Autodesk Fabrication: Best Practice #4

Make sure ALL of your ITM content has a Database ID assigned to it.

A database ID is a unique identifier for content. There should be a single Database ID for any ITM that is NOT Product Listed. For Product Listed ITM’s, there should be Database ID for each entry in the product list.

For ITM’s that are not product listed (typically fabricated sheet metal fittings or other content where the ITM only represents one size, you can put the Database ID in the “Code” field of the ITM Properties as shown in the following image…

For ITM’s that are Product Listed, the Database ID should be in the ID column of the Product List. When you place an instance of a product listed ITM in your model, you select a size from the product list, When you select that size, the Database ID associated with that size it automatically entered into the Code field of the ITM Properties like shown earlier, The following image shows the Database ID column in a Product List…


Why Use A Database ID?

The Database ID is a useful component to managing an Autodesk Fabrication configuration. This Database ID can be referenced by other aspects of Autodesk Fabrication should you choose to use them. The Database ID is what can link your content to….

  • Price lists
  • Fabrication Labor
  • Installation Labor
  • Product Information (ProdInfo)

Even if you don’t use ESTmep for estimating  and don’t want to use the Price and/or Labor features of the database, Product Information is tied to the Database ID and is used to store additional meta data about your content like Manufacturer, Size, Description, etc. Even if you’re not using ProdInfo now, it’s still a good idea to use Database ID’s because adding them to the content is the most time consuming part. It’s easy to add them when building content, more cumbersome later after the fact. If all your content had Database ID’s assigned, it’s much easier to implement ProdInfo, Price and/or Labor later down the road.

The following Video shows how to access the Database ID of Product Listed and Non-Product Listed ITM’s. It also shows you 2 different sizes of a product listed ITM in a drawing and how Autodesk Fabrication automatically assigned the Database ID from the Product List for the corresponding size into the Code field of the ITM Properties.


Key Database ID Takeaways

Here’s a few pointers when working with Database ID’s:

  • Each Database ID should be unique and not assigned to other content or sizes.
  • Managing Database ID’s using a spreadsheet or other database makes managing them much easier.
  • Your database ID can be anything you want but should have some sort of naming standard associated with it.
  • Your Database ID Naming standard can be as simple as a prefix followed by incremental numbers to something complex with special codes and formatting to indicate other aspects of your content. (e.g. Valves, Pipe, Sheetmetal, etc)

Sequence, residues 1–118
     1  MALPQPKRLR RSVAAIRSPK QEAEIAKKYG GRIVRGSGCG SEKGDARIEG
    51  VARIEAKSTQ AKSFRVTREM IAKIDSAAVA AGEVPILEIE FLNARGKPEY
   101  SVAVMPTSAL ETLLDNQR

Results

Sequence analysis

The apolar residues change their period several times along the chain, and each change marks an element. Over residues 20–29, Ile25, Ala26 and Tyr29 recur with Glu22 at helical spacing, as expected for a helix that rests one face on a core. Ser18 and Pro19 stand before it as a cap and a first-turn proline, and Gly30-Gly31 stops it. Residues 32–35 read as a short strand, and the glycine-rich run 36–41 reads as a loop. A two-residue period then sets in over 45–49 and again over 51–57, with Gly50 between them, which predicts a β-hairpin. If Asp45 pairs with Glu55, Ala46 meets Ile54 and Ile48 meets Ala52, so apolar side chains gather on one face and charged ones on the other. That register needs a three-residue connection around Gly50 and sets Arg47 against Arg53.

• You can use Autodesk or other Vendors ID’s if they already have them assigned and use your for anything you create or replace them all with your own company Database ID’s if you are particular about naming standards,
  • Don’t reuse ID’s if the content that once used them is now obsolete. Legacy/Archive drawings still reference these numbers. Simply flag them as being obsolete in the Spreadsheet you are managing them with.

Autodesk Fabrication: Best Practice #1

Don’t use Double Quotes ( ” )….Ever.

An Autodesk Fabrication Configuration contains a lot of information. One of the best tools for managing, sorting, filtering and maintaining lots of information is Microsoft Excel. There are some functions in Fabrication that export information into CSV format. Commands like SYSSCRREPORT in CADmep. You may even have some scripts or API code that exports data to a CSV.

When Double Quotes are used, this can and does often confuse Excel into thinking that it’s a separator between multiple pieces of Text and it can shift the data in some rows to different columns.

If you use feet-inch format/units and like the look of double quotes for inch marks, an easy workaround is to use 2 single quotes ( ” ) as opposed to a single double quote ( ” ). When using 2 Single Quotes, it’s hardly noticeable even when looking for it like in this text. Try selecting the text sand you’ll see they are indeed different.

While this rule should be adhered to anywhere in the fabrication database, there’s 4 primary areas where it’s most likely to cause you grief.


Database Entries – Materials, Specification, Connectors, Seams, Airturns, Ancillaries, etc.


Folder and ITM Names – While a perfectly valid character in Windows for files and folders, it’s not a good idea when using Autodesk Fabrication.


Product List Names – One of the most common areas to see the inch mark.


Product Information Editor – Another common location where you’re tempted to add double quotes. It’s common for people to maintain this data in Excel in the first place so it’ll be really easy to do a global search and replace to fix it.


In future posts, I’ll share some processes and scripts that can be affected by using Double Quotes. Until then, just trust that it’s a bad idea.